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how to ski?

post #1 of 12
Thread Starter 
After ~20 inches of snow Wed/Thu of last week in Colorado, I ended up at Copper on Saturday. There were acres of untouched all over the mountain. Unfortunately, due to warm temps on Friday, I found it virtually unskiable... virtually.
The problem is this, in the non-treed areas the snow had softened up Friday, then set to a funky crusty top-layer on cold Saturday. Once in the crusty top-layer, I had loads of trouble turning, a couple of times catching my entire ski (not just my edge), landing myself in the crusty snow. Everyone I saw skiing this stuff seemed to be having lots of trouble. How to ski in 2 day old 10+ inches of crust? More specifically, how to turn in 2 day old 10+ inches of crust?

Any thoughts?

"It's like, how much more black could this be? and the answer is none: none more black."
-- Nigel Tufnel
post #2 of 12
ummmmm....... I wouldn't be going to fast there!! Try laying back a bit, and kind off kick yourself up when you turn.... I don't know if I'm dead wrong here, cause it's a long time since I had to do this...
post #3 of 12
Breakable crust can be the real pits. For each skier's body weight and style there is a particular crust that will be almost impossible to ski because the skier will break through enough to catch an edge regardless of how gently he initiates and turns.

Your story reminds me of skiing in a group several (30) years ago that include a woman who weighed in at about 90 pounds. At the top of the run there was a breakable crust as you describe that had all of us skittering around in giant wedges trying to survive. Except Becky who was laughing at us as she simply skied on top of the crust. A hundred meters lower down the heavy weights were all skiing the 18" of snow under the crust while Becky screamed in frustration because now she was the one breaking the crust just enough to catch edges every time she moved.

So how to do it? Over the years I tried various techniques and came up with a some I could chose from. If it is possible to break through the crust consistantly then I like to use the "two footed blasting technique". Just about exactly what it sounds like. Extremely tiring if you need to carry on very long. Evenly weight the feet to provide a strong single platform beneath you and make very strong turns with very exagerated up/down to break through the crust. In this turn I'm often coming down on the new inside ski so it will catch and break the surface allowing the outside ski to comedown more gently.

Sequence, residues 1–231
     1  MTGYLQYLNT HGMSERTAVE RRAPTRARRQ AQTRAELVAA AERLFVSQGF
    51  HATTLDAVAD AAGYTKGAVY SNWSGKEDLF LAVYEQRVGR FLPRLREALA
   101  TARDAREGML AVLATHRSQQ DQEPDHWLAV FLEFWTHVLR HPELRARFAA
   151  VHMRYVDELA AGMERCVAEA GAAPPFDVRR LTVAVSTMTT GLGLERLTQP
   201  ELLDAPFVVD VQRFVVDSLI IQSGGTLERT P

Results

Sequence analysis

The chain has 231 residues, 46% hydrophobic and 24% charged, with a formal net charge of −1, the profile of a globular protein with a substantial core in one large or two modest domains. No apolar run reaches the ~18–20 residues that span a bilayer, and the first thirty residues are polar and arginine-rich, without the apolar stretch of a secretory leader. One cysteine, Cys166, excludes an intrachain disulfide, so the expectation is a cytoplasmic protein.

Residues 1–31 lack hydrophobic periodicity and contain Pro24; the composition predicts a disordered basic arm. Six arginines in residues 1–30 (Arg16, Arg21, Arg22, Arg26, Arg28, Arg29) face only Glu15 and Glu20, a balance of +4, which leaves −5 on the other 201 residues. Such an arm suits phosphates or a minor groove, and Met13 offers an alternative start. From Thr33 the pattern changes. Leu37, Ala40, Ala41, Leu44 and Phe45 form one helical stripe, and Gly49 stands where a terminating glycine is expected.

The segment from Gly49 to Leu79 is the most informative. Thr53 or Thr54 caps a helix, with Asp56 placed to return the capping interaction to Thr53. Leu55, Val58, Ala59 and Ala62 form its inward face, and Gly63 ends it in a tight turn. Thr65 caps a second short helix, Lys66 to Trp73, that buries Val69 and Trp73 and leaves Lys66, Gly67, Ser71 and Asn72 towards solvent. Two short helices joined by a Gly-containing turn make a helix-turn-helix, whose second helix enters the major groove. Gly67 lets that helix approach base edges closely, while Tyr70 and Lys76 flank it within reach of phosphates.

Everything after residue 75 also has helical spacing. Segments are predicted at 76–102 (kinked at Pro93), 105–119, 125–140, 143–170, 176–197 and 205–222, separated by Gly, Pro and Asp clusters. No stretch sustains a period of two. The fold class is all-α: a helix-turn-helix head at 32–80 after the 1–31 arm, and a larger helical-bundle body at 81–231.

The opposite extreme of turns in this group is to ski as if you are turning on eggs trying to stay on top of the crust. Very little variation in the preassure on the skis. If anything a very gentle up unweight to help initiate the turn and strongly angle the ski (in place of an "edge set") to help raise the outside edge and avoid catching it.

And as snow axe says, slowly and gently (don't tear the rice paper grasshopper!).
post #4 of 12
post #5 of 12
Standard approach to breakable crust is to use the snow as a platform for leaping off and turn the skis in the air. Very tiring.
post #6 of 12
Thread Starter 
that's pretty much what I ended doing... but I wouldn't call it "leaping". that sounds too effortless and graceful.

"It's like, how much more black could this be? and the answer is none: none more black."
-- Nigel Tufnel
post #7 of 12
I'd think leaping sounds strenuous and klunky.

Springing, now, sounds like something done with grace and aplomb.
post #8 of 12
Another way is described in an old (1981) book "Backcountry Skiing" by Lito Tejada-Flores. It is extreme downunweighting (or retraction, or avalement) to start the turn, with a strong push of the skis into the turn. Hard work, but so are frog turns. If you do what you would do to absorb and extend in megamoguls, you have the idea.
post #9 of 12
I encountered some of that crap this past season and had fun skiing it for the first time ever. Why? Three things; equipment, the new technique for turning & attitude.

First, you need a ski that has some float to it, but is stiff enough to bust through the crust. Skis like the Supermountain, Bandit XX, G31, G41, Powertrac, Mod X Pro.... work great in that crap.

Second, by using the new technique of rolling your skis on edge to turn you no longer have to unweight or bust out of the snow. This took some getting used to because my first instinct was to revert to hopping and all the other old techniques (some of which have been mentioned).

Lastly, if you are tense or apprehensive your going to have problems. Someone alluded to speed earlier and speed really does help. But you also have to be loose & limber and ready to react to the inconsistancies of the conditions. If you are hesitant & tense you are going to be thrown all over.
post #10 of 12
Yeah, Sippy.... What I meant when I told you to go slow, is that you should go slow the first times, to get a feel of it... Don't start the first few times with full speed, then you'll probably be eating snow pretty soon...
post #11 of 12
Wow! I'm glad to hear that really advanced skiers have a problem with that stuff. I encountered it for the first time at The Loaf, this weekend. First mistake, I accidentaly did my warmup run on a trail that started out black {DUH!} but worse, it seemed to be covered with golf balls. Being prone to muscle my skis anyway, thats exactly what I tried to do. It didn't help one bit. Only after I let myself relax, stay aligned, foward and centered was I able to somewhat get through it.

Be Braver in your body, or your luck will leave you. DH Lawrence

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[This message has been edited by Lisamarie (edited April 19, 2001).]</FONT>
post #12 of 12
I believe what you encountered are called death cookies! You are right. Not very easy.
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